Paris Je T’iame – Thematic collections of self-contained short films from different directors don’t always work – but Paris Je T-iame does. Funny, sad, tough, witty, dark, absurd, warm – this film covers all the bases and gives us more than just a “snapshot” of urban life. At a much deeper level it is a film about how people connect to a place, to people, to a community. Beautiful.

Breakfast On Pluto – I wrote an extended but faulty review of this film when I first saw it some time back. Cilian Murphy is simply brilliant in the disarmingly witty lead role. This one has “cult movie” written all over it. Some powerful scenes on the role of faith in the life of a community, in the practice of forgiveness and in times of tragedy. Perhaps the most unsettling thing is the keener of fun and lightness that is imposed on the harsh realism of the storyline. In the end, we might not choose many of the circumstances of our life, but we can choose the way we interpret them. Given that, it is any wonder that the more grey and depressing the social conditions the more extreme and exuberant the identity choices that people make?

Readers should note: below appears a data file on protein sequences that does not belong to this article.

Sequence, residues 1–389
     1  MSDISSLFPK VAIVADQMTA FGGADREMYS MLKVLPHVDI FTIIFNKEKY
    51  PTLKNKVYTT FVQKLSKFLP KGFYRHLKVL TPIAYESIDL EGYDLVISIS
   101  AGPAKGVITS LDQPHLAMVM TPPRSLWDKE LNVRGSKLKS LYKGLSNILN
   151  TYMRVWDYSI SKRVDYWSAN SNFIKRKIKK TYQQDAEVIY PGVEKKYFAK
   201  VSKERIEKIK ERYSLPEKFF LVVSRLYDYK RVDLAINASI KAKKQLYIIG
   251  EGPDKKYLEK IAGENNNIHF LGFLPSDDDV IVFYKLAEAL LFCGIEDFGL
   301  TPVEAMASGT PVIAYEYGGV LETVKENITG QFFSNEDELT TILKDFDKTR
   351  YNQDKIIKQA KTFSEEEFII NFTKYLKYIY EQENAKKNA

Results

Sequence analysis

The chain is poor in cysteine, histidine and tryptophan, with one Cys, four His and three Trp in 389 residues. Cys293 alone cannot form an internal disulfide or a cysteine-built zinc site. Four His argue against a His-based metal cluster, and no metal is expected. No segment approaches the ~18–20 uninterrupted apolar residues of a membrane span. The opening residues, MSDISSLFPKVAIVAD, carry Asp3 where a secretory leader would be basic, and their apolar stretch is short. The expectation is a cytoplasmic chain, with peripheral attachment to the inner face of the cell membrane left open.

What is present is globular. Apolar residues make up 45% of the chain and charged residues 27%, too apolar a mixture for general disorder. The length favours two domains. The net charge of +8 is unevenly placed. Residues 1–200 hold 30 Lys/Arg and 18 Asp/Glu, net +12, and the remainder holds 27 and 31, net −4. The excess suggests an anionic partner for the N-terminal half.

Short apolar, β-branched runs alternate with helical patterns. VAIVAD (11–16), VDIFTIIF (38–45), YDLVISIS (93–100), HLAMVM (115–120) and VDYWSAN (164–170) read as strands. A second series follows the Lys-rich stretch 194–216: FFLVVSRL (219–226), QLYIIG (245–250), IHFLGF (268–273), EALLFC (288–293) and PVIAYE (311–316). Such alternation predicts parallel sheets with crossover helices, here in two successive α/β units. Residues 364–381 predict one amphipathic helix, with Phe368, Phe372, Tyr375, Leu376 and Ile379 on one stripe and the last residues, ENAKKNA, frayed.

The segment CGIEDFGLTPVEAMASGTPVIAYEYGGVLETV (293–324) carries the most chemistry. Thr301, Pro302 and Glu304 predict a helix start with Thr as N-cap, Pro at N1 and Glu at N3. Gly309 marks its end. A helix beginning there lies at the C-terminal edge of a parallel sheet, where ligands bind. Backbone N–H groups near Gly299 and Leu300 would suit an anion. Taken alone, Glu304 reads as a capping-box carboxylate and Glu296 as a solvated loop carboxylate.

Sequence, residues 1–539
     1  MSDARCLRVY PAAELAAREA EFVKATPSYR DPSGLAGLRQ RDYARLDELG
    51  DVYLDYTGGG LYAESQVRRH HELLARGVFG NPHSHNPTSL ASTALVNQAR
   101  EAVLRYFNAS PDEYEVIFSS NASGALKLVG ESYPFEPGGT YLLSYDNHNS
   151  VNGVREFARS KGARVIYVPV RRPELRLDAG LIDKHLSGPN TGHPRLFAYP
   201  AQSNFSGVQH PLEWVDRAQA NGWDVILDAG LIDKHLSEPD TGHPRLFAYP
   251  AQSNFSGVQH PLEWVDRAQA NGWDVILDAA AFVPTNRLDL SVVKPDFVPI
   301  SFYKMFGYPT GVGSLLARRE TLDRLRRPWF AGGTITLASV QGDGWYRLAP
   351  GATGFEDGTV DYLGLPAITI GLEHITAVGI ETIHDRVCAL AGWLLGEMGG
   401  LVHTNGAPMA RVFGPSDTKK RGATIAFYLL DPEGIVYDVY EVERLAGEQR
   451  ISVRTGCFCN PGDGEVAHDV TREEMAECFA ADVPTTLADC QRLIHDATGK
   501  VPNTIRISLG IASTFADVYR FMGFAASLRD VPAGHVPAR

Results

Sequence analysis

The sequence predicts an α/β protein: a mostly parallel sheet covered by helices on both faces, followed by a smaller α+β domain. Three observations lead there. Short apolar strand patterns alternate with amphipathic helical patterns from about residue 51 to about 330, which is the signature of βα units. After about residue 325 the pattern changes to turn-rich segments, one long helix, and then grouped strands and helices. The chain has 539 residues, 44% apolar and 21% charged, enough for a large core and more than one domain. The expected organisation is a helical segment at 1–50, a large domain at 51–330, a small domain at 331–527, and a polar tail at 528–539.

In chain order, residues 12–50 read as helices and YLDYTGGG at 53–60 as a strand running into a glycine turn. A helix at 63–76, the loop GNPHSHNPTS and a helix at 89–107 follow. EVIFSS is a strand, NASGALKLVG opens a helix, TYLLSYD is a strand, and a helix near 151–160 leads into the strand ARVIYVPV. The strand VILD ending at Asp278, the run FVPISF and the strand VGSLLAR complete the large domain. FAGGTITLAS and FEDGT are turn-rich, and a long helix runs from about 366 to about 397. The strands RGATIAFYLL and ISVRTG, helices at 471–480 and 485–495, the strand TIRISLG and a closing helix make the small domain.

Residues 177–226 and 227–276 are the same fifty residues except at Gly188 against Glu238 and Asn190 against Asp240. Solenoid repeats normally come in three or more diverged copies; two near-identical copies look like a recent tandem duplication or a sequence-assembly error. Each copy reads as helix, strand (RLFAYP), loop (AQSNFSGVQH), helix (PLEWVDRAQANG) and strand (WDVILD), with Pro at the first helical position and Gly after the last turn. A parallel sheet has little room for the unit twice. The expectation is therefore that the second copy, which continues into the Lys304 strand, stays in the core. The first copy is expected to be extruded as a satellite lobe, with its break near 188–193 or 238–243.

Stranger Than Fiction – High concept film that sadly doesn’t live up to its promise (but far exceeds The Truman Show). Some memorable moments and decent performances from the main cast, but probably most interesting for it’s depection of one of the central problems in fiction – that we are seldom satisfied with neat happy endings for characters in books and films, yet we typically hope for neat happy endings in our lives and the lives of those we love.